Review: The Old Man and the Sea

Just about the only English books I read nowadays are for bookclub…even though I still struggle to make any progress on the Japanese stuff on my backlog. I wish people would stop choosing 300-400 page bricks! This particular choice was an exception, but it might not have been the best choice for, as it turned out to be, a group of people who haven’t read much Hemingway.

Published towards the end of Hemingway’s life, The Old Man and the Sea was initially widely acclaimed for being so completely different from the rest of his oeuvre, a departure from the realism that characterises all his other works. Word is that this novella was the major catalyst for Hemingway’s Nobel Prize for Literature. Since then, however, views have become more critical, with some like Robert P. Weeks pointing out the irony that the extensive focus on natural objects in this novella belies the romanticism with which they are treated, especially from an author who had been criticised for his devotion to realism.

So, what did a Hemingway virgin think of it?

Ringing in at around 100 pages, I expected this to be an easy read. In some ways, it was – taking me about 2 hours one afternoon to read. The trouble came when I had to find something to discuss…the story itself is rather basic – an old fisherman, who has gone without success for many months, travels far out alone, and battles and conquers a large fish, only to have it taken from him by sharks on his journey back. A lot of possible symbolism there already – perhaps linked to Hemingway himself at that particular time in his life? Unfortunately, I wasn’t really interested enough to check the context any further.

What made it a slightly more difficult read is the style of prose, which is infused with a simplicity that is supposed to be reflective of the fisherman. It only became rather tedious to me as the story wore on. My father used to take me fishing, and as a child, waiting was not my strength. I expect that fishermen wouldn’t think about the same things that I do – movies, books, anime, daydreaming about where I’ll be and who’ll I’ll meet in the future – but do they really think so much about what the fish are doing? Brushing the line, taking a nibble of the bait, giving a mate the choice morsel…? Perhaps that’s what years and years on the sea will do to you…definitely not a life for me!

Finally, Hemingway himself said in an interview that he “tried to make a real old man, a real boy, a real sea and a real fish and real sharks.” Call me pedantic, but I went about looking up marlin, and the largest (the Atlantic Blue) apparently grows up to about 14 feet in length, as opposed to the amazing 18 footer in the novella. So…a real fish? Hm…though I did find it interesting that the old man labelled it a male due to the way it fought, even though the largest fish are females. The assignment of gender gave me something to think about (fish = adversary and equal = male, sea = adversary = male vs. the old man’s sea = mother = female etc), i.e. how people assign gender to nature (the sea, the moon, the sun) and how our cultures affect such assignments, and even how we label cars and other possessions.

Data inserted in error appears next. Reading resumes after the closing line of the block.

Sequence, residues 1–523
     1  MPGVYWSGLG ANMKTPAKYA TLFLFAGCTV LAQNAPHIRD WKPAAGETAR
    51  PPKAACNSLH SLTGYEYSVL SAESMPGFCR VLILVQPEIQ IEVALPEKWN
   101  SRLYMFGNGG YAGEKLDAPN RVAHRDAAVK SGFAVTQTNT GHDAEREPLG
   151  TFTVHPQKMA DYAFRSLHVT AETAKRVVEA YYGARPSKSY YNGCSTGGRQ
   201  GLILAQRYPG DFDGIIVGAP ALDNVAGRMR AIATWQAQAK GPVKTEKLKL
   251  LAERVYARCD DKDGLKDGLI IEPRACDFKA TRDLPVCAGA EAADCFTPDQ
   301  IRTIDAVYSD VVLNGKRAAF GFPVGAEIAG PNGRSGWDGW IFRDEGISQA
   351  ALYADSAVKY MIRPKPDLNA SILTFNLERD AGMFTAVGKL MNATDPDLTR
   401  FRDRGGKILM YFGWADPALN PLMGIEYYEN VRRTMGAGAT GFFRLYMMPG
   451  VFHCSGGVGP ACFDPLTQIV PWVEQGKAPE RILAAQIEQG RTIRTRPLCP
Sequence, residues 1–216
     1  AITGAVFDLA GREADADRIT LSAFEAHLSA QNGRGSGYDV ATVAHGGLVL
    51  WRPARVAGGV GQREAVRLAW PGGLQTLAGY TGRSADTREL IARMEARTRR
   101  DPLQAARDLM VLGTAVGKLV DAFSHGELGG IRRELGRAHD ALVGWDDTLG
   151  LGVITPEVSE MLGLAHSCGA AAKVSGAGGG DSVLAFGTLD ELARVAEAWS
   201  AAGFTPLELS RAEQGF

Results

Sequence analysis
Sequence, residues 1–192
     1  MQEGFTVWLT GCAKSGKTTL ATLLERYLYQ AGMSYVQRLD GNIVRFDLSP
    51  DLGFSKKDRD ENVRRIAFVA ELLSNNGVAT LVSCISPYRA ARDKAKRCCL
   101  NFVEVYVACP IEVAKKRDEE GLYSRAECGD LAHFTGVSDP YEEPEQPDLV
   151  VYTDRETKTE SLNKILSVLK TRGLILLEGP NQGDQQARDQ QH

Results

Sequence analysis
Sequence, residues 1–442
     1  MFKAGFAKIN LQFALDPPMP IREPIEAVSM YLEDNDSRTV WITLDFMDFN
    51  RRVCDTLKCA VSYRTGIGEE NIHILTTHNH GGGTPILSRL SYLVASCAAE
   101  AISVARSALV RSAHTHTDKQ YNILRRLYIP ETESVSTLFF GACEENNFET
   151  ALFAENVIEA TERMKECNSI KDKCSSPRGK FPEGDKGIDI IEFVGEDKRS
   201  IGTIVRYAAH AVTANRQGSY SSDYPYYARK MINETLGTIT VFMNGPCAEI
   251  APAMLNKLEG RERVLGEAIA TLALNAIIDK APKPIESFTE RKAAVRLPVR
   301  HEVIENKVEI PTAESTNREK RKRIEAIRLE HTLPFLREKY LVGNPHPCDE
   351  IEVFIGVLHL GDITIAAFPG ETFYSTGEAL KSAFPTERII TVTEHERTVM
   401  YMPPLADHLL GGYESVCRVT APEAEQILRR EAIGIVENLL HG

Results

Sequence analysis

(So…hands up those of you who have named your car, computer and/or iPod! Are they male of female, or maybe neutral? For me, two have names derived from a female game character whose name is similar to mine, and I did it because just “~’s computer” and “~’s iPod” sound really boring… /tangent.)

Ultimately, The Old Man and the Sea probably deserved a deeper look from people who’d actually read enough Hemingway to know what all the fuss was about, but at least it provided a short read for an incredibly busy month.

About karice
MAG fan, translator, and localization project manager. I also love musicals, travel and figure skating!

2 Responses to Review: The Old Man and the Sea

  1. Kitsune says:

    It is a good book that was adapted by Alexander Petrov to this Oscar-winning animation:

    Like

    • karice says:

      Thanks! I’d read about the film but never really looked it up because I wasn’t that interested in the book. But the “paint-on-glass” animation really is quite unusual, and really suits it…(even though I was a bit taken aback by the “whitening” of characters I’d thought were more likely to be of a different ethnic group, based on their names…)
      Reply

      Like

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